EP additives are often added to cutting fluids.

Delivery methods

Every conceivable method of applying cutting fluid (e.g., flooding, spraying, dripping, misting, brushing) can be used, with the best choice depending on the application and the equipment available. For many metalcutting applications the ideal would be high-pressure, high-volume pumping to force a stream of fluid directly into the tool-chip interface, with walls around the machine to contain the splatter and a sump to catch, filter, and recirculate the fluid. This type of system is commonly employed, especially in manufacturing. It is often not a practical option for MRO or hobbyist metalcutting, where smaller, simpler machine tools are used. Fortunately it is also not necessary in those applications, where heavy cuts, aggressive speeds and feeds, and constant, all-day cutting are not vital.

Types of cutting fluid


There are generally three types of liquids: mineral, semi-synthetic, and synthetic. Semi-synthetic and synthetic cutting fluids try to blend the best properties of oil into the best properties of water. They basically achieve this by allowing oil to emulsify into water. Some of these properties are: rust inhibition, tolerance of a wide range of water hardness (maintain pH stability around 9 to 10), ability to work with many metals, resist thermal breakdown, and environmental safety.[1]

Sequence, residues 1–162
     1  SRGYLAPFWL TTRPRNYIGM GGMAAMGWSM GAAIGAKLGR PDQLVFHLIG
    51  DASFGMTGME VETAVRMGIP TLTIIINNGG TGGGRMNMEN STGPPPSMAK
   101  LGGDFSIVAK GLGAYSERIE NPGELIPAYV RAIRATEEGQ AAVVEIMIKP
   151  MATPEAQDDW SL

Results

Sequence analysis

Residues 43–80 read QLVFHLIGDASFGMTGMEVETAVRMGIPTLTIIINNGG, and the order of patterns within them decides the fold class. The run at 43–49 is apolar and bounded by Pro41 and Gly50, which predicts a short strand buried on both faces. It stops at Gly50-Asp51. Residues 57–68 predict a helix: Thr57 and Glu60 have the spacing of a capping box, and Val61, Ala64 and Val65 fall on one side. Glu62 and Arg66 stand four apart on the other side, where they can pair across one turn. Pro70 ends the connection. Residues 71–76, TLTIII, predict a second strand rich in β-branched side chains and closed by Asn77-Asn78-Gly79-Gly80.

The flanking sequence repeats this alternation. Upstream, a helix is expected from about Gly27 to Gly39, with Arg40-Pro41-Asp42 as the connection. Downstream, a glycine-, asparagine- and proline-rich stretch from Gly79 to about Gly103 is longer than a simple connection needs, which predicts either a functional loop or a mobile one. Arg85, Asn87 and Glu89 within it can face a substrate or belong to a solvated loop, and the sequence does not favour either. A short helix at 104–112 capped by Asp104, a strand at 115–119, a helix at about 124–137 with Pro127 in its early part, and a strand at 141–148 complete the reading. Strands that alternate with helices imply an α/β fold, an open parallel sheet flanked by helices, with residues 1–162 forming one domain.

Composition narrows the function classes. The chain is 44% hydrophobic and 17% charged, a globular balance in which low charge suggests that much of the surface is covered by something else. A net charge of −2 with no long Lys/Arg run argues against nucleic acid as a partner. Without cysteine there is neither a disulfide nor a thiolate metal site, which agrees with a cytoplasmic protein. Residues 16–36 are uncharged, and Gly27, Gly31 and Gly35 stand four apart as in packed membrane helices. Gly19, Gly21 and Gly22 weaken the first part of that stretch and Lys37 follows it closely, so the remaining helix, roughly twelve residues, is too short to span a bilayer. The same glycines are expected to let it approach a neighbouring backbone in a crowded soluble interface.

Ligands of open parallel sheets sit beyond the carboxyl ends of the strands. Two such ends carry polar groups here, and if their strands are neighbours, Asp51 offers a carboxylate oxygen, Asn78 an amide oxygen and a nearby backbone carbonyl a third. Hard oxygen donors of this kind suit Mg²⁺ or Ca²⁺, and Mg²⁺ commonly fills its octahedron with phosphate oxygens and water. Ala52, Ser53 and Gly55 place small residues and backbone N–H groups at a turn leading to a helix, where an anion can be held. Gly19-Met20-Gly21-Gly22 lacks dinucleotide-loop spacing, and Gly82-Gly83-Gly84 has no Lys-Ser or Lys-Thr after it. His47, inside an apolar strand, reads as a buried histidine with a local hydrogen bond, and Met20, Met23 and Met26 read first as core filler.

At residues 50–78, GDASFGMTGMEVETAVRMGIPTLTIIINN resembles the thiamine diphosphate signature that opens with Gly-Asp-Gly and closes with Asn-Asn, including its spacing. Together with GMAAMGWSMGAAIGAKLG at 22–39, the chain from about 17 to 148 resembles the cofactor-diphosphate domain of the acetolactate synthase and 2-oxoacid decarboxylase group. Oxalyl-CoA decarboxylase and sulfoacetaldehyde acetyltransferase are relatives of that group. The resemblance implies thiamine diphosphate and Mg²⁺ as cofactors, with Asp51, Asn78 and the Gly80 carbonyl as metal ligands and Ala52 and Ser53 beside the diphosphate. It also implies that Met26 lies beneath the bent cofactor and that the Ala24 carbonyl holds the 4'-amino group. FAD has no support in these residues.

Water is a great conductor of heat but has drawbacks as a cutting fluid. It boils easily, promotes rusting of machine parts, and does not lubricate well. Therefore, other ingredients are necessary to create an optimal cutting fluid.

Mineral coolants, which are petroleum-based, began in the late 1800s. They vary from the thick, dark, sulfur-rich cutting oils used in heavy industry to light, clear oils.

Semi-synthetic coolants are an emulsion or microemulsion of water with mineral oil. They began in the 1930s. A typical CNC usually uses emulsified coolant, which consists of a small amount of oil emulsified into a larger amount of water through the use of a detergent.

Synthetic coolants originated in the late 1950s and are usually water-based.

A hand-held refractometer is used to determine the mix ratio (also called concentration) of water soluble coolants. Numerous other test equipment are used to determine such things as acidity, and amount of conductivity.

Pastes or gels

Cutting fluid may also take the form of a paste or gel when used for some applications, in particular hand operations such as drilling and tapping.


Some cutting fluids are used in mist (aerosol) form, although breathing such a lubricant in mist form is a severe and immediate health hazard.